The Newfoundland and Labrador government did not have any special agencies in place to deal with Aboriginal affairs before Confederation; nor had it developed a system of reserves or land claim treaties with the Innu, Mi'kmaq, Inuit, and Métis people.

Photo by Robert Flaherty. Courtesy of Library and Archives Canada (C-143635).

Compounding these concerns were a string of post-Confederation forestry, mining, and other industrial developments that occurred on Innu land, but without Innu permission. Most dramatic among these was the Upper Churchill Falls hydroelectric project, which flooded thousands of kilometers of land in Labrador, including valuable caribou habitat and Innu burial grounds. Although the Innu people used and depended on much of this area for centuries, the provincial government did not consult them before damming the Churchill River.

Innu Political Organizations

Recognizing a need to protect their land, resources, and culture against future threats, the Innu people joined the province's Mi'kmaq and Inuit people in 1973 to form the Native Association of Newfoundland and Labrador (NANL). The Innu people broke away from NANL three years later to form the Naskapi Montagnais Innu Association, which changed its name to the Innu Nation in 1990.

The Innu Nation today represents about 2,200 Innu people, who elect a president and board of directors to oversee the group's political, business, and other affairs. The Innu Nation's mandate is to provide a unified political voice to protect the Innu people's interests against outside threats, as well as to pursue land claim negotiations and help deliver education, health-care, and other social services to its membership. In the past, the group has protested low-level military flight training over Innu lands and various industrial projects that affected Innu resources, including the Lower Churchill Falls hydroelectric project, clear-cutting operations, construction of the trans-Labrador highway, and the Voisey's Bay nickel mine.

The Innu Nation has made strides in a number of areas as a result of its efforts. Both the provincial government and Newfoundland and Labrador Hydro have agreed to include the Innu Nation in the development of the Lower Churchill Falls; the three parties are also negotiating a deal that could give the Innu Nation a minority ownership of the hydroelectric project. In addition, Canadian mining company Inco Ltd. is paying the Innu Nation royalties for its work at Voisey's Bay. As of 2007, the Innu Nation has received $4 million in mining revenues. The province also developed a Forest Process Agreement with the Innu Nation in 2001 to allow for full Innu participation in forest planning within central Labrador.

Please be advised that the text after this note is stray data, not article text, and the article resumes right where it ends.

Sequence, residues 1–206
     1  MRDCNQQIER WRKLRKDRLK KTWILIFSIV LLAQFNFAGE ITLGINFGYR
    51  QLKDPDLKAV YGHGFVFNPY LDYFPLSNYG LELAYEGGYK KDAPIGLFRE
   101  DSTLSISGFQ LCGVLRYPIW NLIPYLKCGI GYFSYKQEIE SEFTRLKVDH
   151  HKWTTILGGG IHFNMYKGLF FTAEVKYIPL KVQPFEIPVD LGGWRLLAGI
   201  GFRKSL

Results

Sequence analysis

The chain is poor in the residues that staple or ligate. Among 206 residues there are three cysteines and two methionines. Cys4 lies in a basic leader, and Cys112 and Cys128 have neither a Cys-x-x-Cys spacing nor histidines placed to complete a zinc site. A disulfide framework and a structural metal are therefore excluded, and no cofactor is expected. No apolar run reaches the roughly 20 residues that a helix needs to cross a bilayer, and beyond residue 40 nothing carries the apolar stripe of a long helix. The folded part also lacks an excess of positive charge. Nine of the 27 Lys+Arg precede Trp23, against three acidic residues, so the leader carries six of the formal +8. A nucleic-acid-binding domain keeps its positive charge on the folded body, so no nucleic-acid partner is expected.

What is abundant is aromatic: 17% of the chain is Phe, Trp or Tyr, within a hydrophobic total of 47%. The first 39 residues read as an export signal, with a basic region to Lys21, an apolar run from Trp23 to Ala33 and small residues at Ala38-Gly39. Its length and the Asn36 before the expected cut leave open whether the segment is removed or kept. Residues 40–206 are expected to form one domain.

Alongside the Innu Nation, residents at Sheshatshiu and Natuashish elect Band Councils to represent their needs. As of 2008, the Sheshatshiu Band Council consists of one chief and six councilors, while the Mushuau Band Council at Natuashish consists of one chief and four councilors. Both council chiefs also sit on the Innu Nation's board of directors.

In 2002, the Innu Nation and two Band Councils succeeded in having the federal government register the Labrador Innu as status Indians, giving them access to various federal programs and services for First Nations people in Canada. The government also recognized the communities of Natuashish and Sheshatshiu as reserve lands in 2003 and 2006, respectively.

Land Claims

Aboriginal groups file land claims with the federal and provincial governments to obtain rights to land and resources they and their ancestors used in the past and did not hand over to European colonists or subsequent governments. Land claim negotiations often take years or decades to complete and must pass through a series of steps, including a Framework Agreement, an Agreement-in-Principle, a Final Agreement, and implementation.

The Innu Nation filed its first claim with the federal government in November 1977 for land in central Labrador. Government officials decided there was not enough information backing up the claim and gave the Innu Nation money to conduct further research. The group filed another land claim in October 1990, which led to the signing of a Framework Agreement in 1996.

As of 2008, negotiations towards an Agreement-in-Principle are ongoing between the Innu Nation and the provincial and federal governments. As part of its land claim talks, the Innu Nation also began negotiating self-government arrangements with the provincial and federal governments in 2006.